All on a Summer’s Day
by Heidi Eisenmann-Jones
“How are your pancake flipping skills?”
Merton looked down at the strange little man standing in front of him to make sure he wasn’t joking. Apparently not.
“Ah…adequate.” He’d never flipped a pancake in is life. But how hard could it be?
“You’re hired. That is, if you can start today? Right now, actually.”
The man, Gherkin, (wasn’t that a pickle?) began explaining the pancake procedure while Merton tried to look knowledgeable about batter and spatulas. But pickles kept intruding. Gherkin’s face was full of warts and his hair curled over his forehead in wiry ringlets, sort of like tendrils on a cucumber vine.
“Only use the spatula for loosening, mind you. Each cake has to be tossed into the air from the skillet. I aim for two and a half to three feet. It’s part of the fluffing process. The king is very particular about the loft in his cakes.”
Merton nodded as if this made perfect sense, then frowned. “Wait a minute. You said the king?”
“Of course the king,” said Gherkin. “Who did you think you’d be flipping for?”
“Well, look,” said Mert. “I only just saw your help wanted sign on the gate and stopped in. I had no idea – king of what, exactly?”
Gherkin looked at him as if he were a dunce. “The King of Hearts, of course.”
Merton tittered, then quickly raised a hand to cover his mouth as Gherkin’s dark eyes bored into him coldly. He turned his attention to the immense tub of bubbling batter on the counter.
“I see. And, um, how many pancakes does the king eat?”
“Oh, a dozen or so, but there are his courtiers to feed as well, and Prince Rupert, who has a very healthy appetite. Growing boys, you know.”
The King of Hearts. Mert shrugged. He hadn’t quite planned on landing in the middle of someone’s nursery rhyme fantasy when he’d left the house this morning, let alone taking a job flipping pancakes. But a job was a job, right? Especially when you were desperate for work. His previous job as a reporter had ended three weeks ago when the newspaper he’d worked for had down-sized, and his meager savings were about used up.
Funny how Mert had never noticed this place before. He must have jogged past it dozens of times on his morning runs, but this morning his shoelace had come untied, and when he’d straightened up from tying it, a bird had swooped across the road in front of him, landing on an old wrought iron gate listing creakily on its hinges. Lichen encrusted stone gargoyles crouched on either side, and tacked to the gate was a sign that read, “Help Wanted, Apply Within”. He’d dithered a few moments, jogging in place, thinking it was probably a joke, since the twisted little lane leading back into a grove of oak trees looked like it hadn’t been traveled in a hundred years. But curiosity got the better of him, plus there was the job factor.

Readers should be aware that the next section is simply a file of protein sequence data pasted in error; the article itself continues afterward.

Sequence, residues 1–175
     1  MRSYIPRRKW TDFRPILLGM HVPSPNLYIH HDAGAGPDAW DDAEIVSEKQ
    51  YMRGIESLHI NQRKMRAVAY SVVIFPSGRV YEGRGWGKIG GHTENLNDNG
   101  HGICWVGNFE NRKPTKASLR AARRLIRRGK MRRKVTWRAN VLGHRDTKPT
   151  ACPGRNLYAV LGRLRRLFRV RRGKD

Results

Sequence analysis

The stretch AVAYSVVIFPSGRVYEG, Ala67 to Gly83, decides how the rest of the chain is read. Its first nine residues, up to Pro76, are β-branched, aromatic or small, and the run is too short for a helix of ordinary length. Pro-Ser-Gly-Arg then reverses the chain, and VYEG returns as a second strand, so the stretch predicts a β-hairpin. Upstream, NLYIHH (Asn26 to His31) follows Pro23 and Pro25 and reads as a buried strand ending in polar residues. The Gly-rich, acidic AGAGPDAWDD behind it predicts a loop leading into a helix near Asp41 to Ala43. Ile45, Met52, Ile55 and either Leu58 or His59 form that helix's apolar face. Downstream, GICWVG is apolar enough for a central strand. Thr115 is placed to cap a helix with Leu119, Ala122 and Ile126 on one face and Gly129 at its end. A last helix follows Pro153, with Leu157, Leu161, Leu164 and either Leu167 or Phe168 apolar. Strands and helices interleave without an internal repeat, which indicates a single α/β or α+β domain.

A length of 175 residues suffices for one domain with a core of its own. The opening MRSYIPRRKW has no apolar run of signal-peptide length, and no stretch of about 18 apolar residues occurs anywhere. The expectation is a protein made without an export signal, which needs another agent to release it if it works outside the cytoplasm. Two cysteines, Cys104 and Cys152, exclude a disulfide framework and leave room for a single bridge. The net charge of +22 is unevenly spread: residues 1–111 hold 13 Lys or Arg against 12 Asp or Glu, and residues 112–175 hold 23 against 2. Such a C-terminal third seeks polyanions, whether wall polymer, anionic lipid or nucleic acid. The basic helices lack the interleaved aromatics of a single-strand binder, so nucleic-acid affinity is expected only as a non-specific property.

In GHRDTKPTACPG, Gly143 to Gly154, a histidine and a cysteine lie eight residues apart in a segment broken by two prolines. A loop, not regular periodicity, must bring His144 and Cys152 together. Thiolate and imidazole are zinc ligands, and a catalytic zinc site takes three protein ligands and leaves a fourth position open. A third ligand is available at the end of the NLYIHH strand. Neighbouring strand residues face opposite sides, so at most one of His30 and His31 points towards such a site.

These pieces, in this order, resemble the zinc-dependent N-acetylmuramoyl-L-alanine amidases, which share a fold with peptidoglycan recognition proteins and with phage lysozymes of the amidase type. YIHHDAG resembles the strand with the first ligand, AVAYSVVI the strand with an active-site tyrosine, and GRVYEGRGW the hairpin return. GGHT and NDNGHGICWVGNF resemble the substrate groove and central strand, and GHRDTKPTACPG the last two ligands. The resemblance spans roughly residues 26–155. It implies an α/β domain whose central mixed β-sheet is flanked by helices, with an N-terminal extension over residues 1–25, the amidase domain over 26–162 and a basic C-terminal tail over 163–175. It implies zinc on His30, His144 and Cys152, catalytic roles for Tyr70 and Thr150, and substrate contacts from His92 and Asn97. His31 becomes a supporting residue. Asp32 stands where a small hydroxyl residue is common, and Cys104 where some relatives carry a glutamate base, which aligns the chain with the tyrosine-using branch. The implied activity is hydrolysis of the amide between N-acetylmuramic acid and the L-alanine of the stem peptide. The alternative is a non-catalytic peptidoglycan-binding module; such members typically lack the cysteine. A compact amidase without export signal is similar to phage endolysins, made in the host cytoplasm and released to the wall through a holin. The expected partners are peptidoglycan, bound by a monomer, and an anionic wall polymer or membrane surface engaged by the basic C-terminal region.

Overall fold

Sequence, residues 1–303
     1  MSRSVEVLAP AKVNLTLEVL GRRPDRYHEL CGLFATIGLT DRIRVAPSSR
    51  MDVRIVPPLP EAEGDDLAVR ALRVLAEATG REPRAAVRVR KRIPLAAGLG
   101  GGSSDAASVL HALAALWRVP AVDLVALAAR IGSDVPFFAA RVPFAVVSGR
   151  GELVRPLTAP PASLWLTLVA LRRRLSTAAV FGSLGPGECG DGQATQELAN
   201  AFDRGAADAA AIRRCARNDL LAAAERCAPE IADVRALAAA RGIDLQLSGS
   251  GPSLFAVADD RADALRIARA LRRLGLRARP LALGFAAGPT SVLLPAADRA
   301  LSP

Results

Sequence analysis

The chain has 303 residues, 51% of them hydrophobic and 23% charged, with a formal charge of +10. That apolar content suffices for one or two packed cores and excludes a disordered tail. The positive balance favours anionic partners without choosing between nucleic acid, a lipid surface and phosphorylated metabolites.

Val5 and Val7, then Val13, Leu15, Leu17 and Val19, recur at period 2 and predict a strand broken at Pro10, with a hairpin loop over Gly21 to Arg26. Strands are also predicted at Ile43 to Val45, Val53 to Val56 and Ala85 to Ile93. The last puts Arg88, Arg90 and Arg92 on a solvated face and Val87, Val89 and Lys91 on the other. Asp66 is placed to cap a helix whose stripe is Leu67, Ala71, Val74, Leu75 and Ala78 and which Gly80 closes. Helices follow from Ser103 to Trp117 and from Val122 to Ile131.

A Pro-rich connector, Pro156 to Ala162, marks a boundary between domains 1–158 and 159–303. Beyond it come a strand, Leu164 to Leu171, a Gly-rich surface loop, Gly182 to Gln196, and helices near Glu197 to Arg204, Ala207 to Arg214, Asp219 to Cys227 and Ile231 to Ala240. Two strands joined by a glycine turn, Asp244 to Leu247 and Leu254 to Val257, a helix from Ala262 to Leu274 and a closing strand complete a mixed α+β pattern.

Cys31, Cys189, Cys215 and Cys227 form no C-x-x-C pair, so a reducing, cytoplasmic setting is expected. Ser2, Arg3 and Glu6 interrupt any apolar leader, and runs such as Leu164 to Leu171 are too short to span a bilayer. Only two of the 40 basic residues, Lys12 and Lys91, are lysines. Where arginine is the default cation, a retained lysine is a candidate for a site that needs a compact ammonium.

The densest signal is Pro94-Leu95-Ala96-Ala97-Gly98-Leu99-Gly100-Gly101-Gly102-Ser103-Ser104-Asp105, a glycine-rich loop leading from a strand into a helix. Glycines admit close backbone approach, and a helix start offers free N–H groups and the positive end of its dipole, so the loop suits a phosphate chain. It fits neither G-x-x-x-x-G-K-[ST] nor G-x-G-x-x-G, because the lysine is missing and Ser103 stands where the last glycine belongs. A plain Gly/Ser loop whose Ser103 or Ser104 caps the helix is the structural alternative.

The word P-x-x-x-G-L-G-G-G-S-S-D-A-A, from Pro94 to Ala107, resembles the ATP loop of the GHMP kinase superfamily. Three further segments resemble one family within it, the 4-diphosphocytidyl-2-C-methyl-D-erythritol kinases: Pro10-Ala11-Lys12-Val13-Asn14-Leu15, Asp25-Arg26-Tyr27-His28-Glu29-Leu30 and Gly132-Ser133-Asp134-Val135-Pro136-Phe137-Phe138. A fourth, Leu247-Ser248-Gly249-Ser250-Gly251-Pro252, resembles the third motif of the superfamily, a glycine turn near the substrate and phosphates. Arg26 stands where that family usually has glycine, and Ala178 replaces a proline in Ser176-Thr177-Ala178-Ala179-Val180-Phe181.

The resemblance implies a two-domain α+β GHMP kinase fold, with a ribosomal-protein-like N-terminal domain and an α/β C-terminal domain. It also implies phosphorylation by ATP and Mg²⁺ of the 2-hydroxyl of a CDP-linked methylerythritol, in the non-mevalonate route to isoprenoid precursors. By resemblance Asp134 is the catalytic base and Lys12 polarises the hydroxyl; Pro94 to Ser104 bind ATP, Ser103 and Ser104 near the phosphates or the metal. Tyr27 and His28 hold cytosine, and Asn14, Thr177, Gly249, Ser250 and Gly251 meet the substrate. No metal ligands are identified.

His first sight of the house had been a shocker. It was a castle, for Pete’s sake, complete with grey stone towers, crumbling turrets and wheeling pigeons. Black smoke roiled out of several chimneys, so the place was occupied, though why would you want fires in the middle of summer?
Another sign had led him around back past a bubbling fountain surrounded by stone statues of cavorting ladies. Behind it was a maze of shrubbery and a large garden. He had entered the kitchen door and found Gherkin laboriously beating up batter.
Now he stared at the batter dubiously. Was he really going to do this?
“Well, if you think you can manage, I’ll leave you to it. They like to start eating at nine.” Gherkin removed his apron, revealing a belted white smock with a large red heart sewn onto the chest and clusters of keys jingling on his belt. It all went rather well with the pickle-green tights and pointy gold shoes. Mert couldn’t wait to see the king’s outfit.
“The serving maid will be along soon. I’ll be out in the gardens.” Gherkin picked up a bow leaning against the wall and slung a quiver of arrows over his shoulder. “There’s been some thievery going on.” The door slammed and Mert was on his own.
Thievery? In the garden? He turned his attention to the batter, making up headlines to keep himself amused. “Thief Shot in Garden by Bowman While Stealing King of Heart’s Tarts”. But would there be tarts in the garden? “Thief Wheels Cart of Tarts Through Garden, Eluding King of Hearts”.
The stove top ran half the length of the kitchen and was lined up with twenty or so iron skillets. You ladled batter into each one, moving down the line, and by the time the last skillet was filled, the first cake was ready to flip. It took Mert a few tries to get the tossing technique down. He was scraping a mangled cake off the floor when the door slammed again and a young woman came in. She had a red, pimply face, pale blue eyes and dirty blond hair pulled tightly back onto her neck. Her long brown dress and dingy white apron did nothing to improve her appearance. Mert felt a flash of sympathy for her, having acne scarred cheeks and a scrawny physique himself.
“Hi,” he said. “I’m Merton, the new pancake guy.”
The woman walked over to him and thrust something into his hand. “Wear this,” she said in a hoarse whisper. “It’ll keep you protected. Although he won’t be much interested in you since you’re a man. Still, it’s better to be safe.”